How about that mild winter we just experienced. It is confusing to plants, too. My native red honeysuckle that has been found blooming in a mild January is just now putting out flowers. The witch hazel, also a cool weather bloomer, is finally showing signs of life. One old timer’s saying, “If you get April’s weather in March, watch out. You might get March’s weather in April.”
Deadhead spent blooms of flowering bulbs to keep plants from using energy to produce seed. Do not cut greenery back until it yellows, however, as that’s needed by the bulbs to absorb sunshine so it can recharge for the next spring’s blooms. Dig up and divide bulb clumps if needed.
Perennials that have become overcrowded and are showing signs of growth should be dug up and divided now. Replant healthy plants and share extras with friends. Forsythia, quince and lorapetalum have completed their bloom. Spirea, lilac and weigela blooms are now in their prime.
Wonder at the diminutive violets scattered care freely about the landscape. Considered by some a nuisance, they can be corraled, their range limited. They are, afterall, the primary food source for the Diana butterfly. Several species of swallowtails have been busy in my yard, sampling the Carolina Jessamine, azaleas and whatever else catches their fancy.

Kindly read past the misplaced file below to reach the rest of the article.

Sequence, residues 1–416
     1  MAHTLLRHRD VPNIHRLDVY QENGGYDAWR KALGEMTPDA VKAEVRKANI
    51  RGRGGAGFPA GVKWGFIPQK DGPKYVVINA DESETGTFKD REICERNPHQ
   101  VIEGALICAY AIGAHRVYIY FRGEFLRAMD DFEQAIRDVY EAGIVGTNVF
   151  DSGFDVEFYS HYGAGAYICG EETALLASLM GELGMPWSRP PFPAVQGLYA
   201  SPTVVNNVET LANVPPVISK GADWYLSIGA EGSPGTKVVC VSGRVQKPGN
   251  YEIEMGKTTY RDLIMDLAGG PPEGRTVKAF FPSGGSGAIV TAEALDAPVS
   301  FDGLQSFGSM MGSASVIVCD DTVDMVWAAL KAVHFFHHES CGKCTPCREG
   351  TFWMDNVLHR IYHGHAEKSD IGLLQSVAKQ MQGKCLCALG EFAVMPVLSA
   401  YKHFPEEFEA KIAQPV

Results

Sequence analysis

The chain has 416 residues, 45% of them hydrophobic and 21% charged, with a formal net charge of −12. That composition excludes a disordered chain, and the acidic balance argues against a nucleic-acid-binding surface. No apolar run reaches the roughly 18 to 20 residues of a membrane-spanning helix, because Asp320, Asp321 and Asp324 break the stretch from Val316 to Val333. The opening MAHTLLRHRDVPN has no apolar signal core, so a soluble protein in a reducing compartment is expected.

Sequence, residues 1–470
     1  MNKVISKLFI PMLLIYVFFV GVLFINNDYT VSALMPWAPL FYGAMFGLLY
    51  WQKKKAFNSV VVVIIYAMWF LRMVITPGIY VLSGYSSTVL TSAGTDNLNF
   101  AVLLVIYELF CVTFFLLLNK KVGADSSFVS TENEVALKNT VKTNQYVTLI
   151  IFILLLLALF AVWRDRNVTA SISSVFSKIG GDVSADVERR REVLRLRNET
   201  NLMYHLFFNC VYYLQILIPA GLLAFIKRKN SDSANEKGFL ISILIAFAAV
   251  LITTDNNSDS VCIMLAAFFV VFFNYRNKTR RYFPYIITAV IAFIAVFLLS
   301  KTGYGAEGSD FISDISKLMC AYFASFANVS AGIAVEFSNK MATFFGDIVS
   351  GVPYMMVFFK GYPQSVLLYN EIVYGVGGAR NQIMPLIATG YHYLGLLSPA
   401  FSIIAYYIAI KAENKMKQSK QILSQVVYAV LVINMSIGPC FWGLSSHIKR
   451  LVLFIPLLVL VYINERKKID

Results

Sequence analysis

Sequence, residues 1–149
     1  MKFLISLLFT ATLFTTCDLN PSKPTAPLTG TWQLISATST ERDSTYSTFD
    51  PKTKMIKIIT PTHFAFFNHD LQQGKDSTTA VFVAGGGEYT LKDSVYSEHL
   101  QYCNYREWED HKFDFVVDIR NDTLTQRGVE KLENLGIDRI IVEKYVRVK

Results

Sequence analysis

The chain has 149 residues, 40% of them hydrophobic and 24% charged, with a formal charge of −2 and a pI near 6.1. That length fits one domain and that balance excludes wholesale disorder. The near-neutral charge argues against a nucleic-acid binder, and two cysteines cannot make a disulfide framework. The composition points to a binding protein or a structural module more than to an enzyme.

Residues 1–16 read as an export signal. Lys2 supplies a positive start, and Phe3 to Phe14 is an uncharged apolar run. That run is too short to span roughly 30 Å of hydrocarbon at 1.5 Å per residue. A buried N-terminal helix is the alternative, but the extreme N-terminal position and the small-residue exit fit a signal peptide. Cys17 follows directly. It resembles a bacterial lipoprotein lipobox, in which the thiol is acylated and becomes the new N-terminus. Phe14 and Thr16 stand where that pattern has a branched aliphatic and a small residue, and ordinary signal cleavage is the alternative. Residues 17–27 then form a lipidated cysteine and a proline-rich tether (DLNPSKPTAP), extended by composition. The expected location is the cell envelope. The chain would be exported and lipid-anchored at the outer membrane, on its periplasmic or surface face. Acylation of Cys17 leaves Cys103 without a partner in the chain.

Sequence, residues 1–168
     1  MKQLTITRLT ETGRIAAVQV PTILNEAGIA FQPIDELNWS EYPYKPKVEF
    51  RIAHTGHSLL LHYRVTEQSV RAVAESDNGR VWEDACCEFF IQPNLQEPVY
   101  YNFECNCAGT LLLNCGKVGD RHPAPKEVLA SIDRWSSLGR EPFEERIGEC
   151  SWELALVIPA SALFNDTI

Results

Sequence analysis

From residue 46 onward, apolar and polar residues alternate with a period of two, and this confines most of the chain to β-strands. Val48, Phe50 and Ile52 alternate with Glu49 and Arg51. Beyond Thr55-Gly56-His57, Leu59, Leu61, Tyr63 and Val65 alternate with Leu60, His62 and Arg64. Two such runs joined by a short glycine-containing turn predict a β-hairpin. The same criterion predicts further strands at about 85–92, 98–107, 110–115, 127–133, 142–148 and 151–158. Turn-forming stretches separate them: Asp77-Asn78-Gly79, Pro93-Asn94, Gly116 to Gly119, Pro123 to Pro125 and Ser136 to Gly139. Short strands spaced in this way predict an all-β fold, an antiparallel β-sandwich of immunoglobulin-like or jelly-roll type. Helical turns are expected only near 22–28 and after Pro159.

Stands of fern should be cleaned up now before the young fiddleheads appear. That goes for straggly groundcover bamboo and other low-growers in need of clearing out last year’s growth. I weed-eat mine down.
Avoid walking on your garden’s wet soil as you risk compacting it. Start your weeding regimen. Cover crops should be tilled or dug under as soon as soil is dry enough to be worked.
Spray peaches, plums and pecans with an all-purpose orchard or fruit spray twice monthly after petal fall to control insects and disease. My blueberries’ blooms have transformed into small fruits, an indication of the potential harvest to come.
We celebrate Earth Day in April. Keep Arkansas Beautiful is also promoting local community clean-ups as well this month. Do something to protect and nuture Mother Earth.